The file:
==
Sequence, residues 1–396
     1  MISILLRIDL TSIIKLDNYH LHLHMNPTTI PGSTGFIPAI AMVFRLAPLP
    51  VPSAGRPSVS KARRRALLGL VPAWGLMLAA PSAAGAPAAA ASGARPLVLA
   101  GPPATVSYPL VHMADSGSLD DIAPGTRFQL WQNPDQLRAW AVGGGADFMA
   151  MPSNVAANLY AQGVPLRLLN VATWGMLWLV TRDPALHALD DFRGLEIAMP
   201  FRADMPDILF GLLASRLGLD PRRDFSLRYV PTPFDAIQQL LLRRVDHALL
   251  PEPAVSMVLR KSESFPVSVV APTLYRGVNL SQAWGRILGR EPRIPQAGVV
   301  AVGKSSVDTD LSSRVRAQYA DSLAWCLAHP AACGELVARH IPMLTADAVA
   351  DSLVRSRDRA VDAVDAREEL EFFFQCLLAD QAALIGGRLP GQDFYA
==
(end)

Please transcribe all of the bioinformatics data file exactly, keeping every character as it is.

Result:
Sequence, residues 1–396
     1  MISILLRIDL TSIIKLDNYH LHLHMNPTTI PGSTGFIPAI AMVFRLAPLP
    51  VPSAGRPSVS KARRRALLGL VPAWGLMLAA PSAAGAPAAA ASGARPLVLA
   101  GPPATVSYPL VHMADSGSLD DIAPGTRFQL WQNPDQLRAW AVGGGADFMA
   151  MPSNVAANLY AQGVPLRLLN VATWGMLWLV TRDPALHALD DFRGLEIAMP
   201  FRADMPDILF GLLASRLGLD PRRDFSLRYV PTPFDAIQQL LLRRVDHALL
   251  PEPAVSMVLR KSESFPVSVV APTLYRGVNL SQAWGRILGR EPRIPQAGVV
   301  AVGKSSVDTD LSSRVRAQYA DSLAWCLAHP AACGELVARH IPMLTADAVA
   351  DSLVRSRDRA VDAVDAREEL EFFFQCLLAD QAALIGGRLP GQDFYA